SARS-CoV-2 in Pregnant Women: Consequences of Vertical Transmission
- 1The Center for Advanced Studies in Science, Math, and Technology at Wheeler High School, Marietta, GA, United States
- 2Preclinical Department, Faculty of Medicine, Royal College of Medicine Perak, Universiti Kuala Lumpur, Ipoh, Malaysia
- 3Department of Pathology and Laboratory Medicine, Emory University School of Medicine, Atlanta, GA, United States
- 4Division of Microbiology and Immunology, Yerkes National Primate Research Center, Emory Vaccine Center, Emory University, Atlanta, GA, United States
Beginning in December 2019, multiple cases of pneumonia were reported in the city of Wuhan, China, but further scans of the respiratory tract and the genetic sequencing of infected individuals revealed the presence of a novel coronavirus, later designated as SARS-CoV-2 (Gao et al., 2020); the subsequent disease, now widely known as COVID-19. As the virus rapidly spread across the world, the World Health Organization (WHO) declared a global pandemic emergency, but many researchers saw a silver lining since it was found that the SARS-CoV-2 had a lower mortality rate as compared to SARS-CoV (the cause of the SARS outbreak in 2003) and MERS-CoV (Ellington et al., 2020; Fani et al., 2020). As of August 5th 2021, there were a total of 201,268,189 COVID-19 cases with 4,275,004 deaths across the world.
Studies have shown that there are certain groups of people who are at an increased risk for acquiring this viral infection, and one of these groups is pregnant women. Though pregnant women are less likely to experience the headache, muscle aches, fever, chills, and diarrheal symptoms of COVID-19, they are more prone to failing respiratory or cardiovascular systems, especially if they have underlying conditions such as chronic lung disease or cardiovascular disease (Ellington et al., 2020). Additionally, existing data illustrate that the age of an infected woman plays a role in the severity of COVID-19 symptoms (Ellington et al., 2020). For instance, among infected women of the reproductive age range (ages 12-51), it was found that pregnant women in this range were more likely to be hospitalized and admitted into the Intensive Care Unit (ICU) as compared to non-pregnant women in the same range, but both non-pregnant and pregnant women had a similar chance for death (Ellington et al., 2020; Zambrano et al., 2020). Since pregnant women are considered to be vulnerable to SARS-CoV-2 infection, it is essential to understand if the virus could infect the developing fetus (Panagiotakopoulos et al., 2020; Brandt and Fell, 2021; Vivanti et al., 2020a; Vouga et al., 2021).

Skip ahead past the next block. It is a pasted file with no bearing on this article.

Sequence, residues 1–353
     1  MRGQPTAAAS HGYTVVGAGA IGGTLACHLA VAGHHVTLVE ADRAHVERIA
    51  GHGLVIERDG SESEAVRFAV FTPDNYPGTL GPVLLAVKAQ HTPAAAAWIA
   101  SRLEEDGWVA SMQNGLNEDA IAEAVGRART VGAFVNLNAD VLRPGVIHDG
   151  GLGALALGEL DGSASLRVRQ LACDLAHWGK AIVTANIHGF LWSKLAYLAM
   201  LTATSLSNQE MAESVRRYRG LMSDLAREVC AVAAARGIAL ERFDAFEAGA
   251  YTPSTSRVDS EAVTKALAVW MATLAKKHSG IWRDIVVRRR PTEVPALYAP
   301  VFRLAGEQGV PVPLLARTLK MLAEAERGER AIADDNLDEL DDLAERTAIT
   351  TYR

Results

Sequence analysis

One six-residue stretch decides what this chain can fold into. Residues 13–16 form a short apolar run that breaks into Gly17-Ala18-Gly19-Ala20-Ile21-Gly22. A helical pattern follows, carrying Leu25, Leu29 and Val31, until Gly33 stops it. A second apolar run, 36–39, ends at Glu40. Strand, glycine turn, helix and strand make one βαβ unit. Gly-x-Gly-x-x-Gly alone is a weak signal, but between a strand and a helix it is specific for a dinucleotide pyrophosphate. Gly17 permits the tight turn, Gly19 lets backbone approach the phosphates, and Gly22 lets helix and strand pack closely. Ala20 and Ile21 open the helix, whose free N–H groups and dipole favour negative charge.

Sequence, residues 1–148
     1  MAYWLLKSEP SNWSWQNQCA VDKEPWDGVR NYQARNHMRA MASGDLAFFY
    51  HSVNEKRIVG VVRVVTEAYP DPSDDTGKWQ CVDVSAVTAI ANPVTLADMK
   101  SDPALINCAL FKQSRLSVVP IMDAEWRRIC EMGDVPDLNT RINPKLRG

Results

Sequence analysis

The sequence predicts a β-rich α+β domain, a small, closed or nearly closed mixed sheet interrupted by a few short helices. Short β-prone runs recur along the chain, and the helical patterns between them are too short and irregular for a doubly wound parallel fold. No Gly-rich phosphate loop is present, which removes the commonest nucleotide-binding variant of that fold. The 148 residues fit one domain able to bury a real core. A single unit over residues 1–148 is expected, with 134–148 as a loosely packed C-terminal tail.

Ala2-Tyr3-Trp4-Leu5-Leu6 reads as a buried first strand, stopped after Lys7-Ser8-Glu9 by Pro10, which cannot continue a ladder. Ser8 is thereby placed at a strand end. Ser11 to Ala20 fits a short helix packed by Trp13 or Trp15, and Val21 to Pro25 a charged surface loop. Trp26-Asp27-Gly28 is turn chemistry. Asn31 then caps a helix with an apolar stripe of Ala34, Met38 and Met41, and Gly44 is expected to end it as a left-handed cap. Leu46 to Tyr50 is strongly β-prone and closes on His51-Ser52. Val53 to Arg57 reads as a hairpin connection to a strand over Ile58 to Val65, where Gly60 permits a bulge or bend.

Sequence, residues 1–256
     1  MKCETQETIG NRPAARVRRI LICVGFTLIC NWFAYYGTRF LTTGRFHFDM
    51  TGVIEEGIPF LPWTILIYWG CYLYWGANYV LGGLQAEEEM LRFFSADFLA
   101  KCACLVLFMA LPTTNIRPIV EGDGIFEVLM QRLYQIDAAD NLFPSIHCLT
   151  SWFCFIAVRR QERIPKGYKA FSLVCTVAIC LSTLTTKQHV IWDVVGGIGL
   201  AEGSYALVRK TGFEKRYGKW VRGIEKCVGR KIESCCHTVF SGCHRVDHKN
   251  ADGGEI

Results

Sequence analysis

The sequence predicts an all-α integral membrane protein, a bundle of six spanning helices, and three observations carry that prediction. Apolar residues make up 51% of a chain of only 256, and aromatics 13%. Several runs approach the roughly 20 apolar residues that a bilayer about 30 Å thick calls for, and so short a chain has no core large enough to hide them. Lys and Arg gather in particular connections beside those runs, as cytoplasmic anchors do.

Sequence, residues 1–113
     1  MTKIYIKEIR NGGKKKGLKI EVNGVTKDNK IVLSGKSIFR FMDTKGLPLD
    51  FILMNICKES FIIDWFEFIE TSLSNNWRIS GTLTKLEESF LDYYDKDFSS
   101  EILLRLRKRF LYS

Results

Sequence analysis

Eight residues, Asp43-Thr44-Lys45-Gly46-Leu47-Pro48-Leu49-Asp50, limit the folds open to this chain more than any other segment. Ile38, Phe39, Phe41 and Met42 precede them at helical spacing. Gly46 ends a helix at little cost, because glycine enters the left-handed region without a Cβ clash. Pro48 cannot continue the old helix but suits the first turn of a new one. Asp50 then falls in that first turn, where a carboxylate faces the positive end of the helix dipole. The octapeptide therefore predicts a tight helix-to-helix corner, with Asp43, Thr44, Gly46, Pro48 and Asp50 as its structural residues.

The SARS-CoV-2 virus specifically utilizes the angiotensin-converting enzyme-2 (ACE2) cell receptor and the serine protease TMPRSS2 enzyme for cell entry (Pique-Regi et al., 2020). In the case of pregnant women, the single-cell transcriptomic analysis performed in the study by Pique-Regi et al. (2020) showed that ACE2 and TMPRSS2 were minimally expressed in the placenta throughout pregnancy, and hence, it was inferred that the chances of placental infection were unlikely. However, it is to be noted that several other studies demonstrated the possibility of placental infection by SARS-CoV-2 (Baud et al., 2020; Fenizia et al., 2020; Hosier et al., 2020; Pulinx et al., 2020; Vivanti et al., 2020b; Zhu et al., 2020; Zhou et al., 2021).
A case study by Hosier et al. (2020) found high levels of SARS-CoV-2 viral RNA in the placenta and umbilical cord of a SARS-CoV-2 infected pregnant woman, indicating evidence of SARS-CoV-2 invasion in the maternal and fetal tissues (Hosier et al., 2020). However, no definitive evidence of fetal infection from SARS-CoV-2 was found. In another case study by Pulinx et al., 2020 (Pulinx et al., 2020), involving a SARS-CoV-2 infected pregnant woman with mild COVID-19 symptoms, placental tissue samples, amniotic fluid, and the maternal blood samples at the time of birth tested positive for SARS-CoV-2 (Pulinx et al., 2020). From these two case studies, it was seen that SARS-CoV-2 does indeed infect the placenta of pregnant women, but there was no conclusive evidence that SARS-CoV-2 is vertically transmitted resulting in fetal infection. However, it should be noted that both Hosier et al. (2020) and Pulinx et al. (2020) reported evidence of SARS-CoV-2 viral infection in the maternal tissues, amniotic fluid, and maternal blood samples during the pregnancy process. Therefore, it remains vital to understand the viral pathogenesis in specific anatomical locations in the bodies of infected pregnant women and hence determine if SARS-CoV-2 can vertically transmit from an infected mother to her child. Hence, in this review, we aimed to analyze the virological and immunological perspectives of SARS-CoV-2 infection in infected pregnant women and discuss the consequences of COVID-19 in the mother and infants.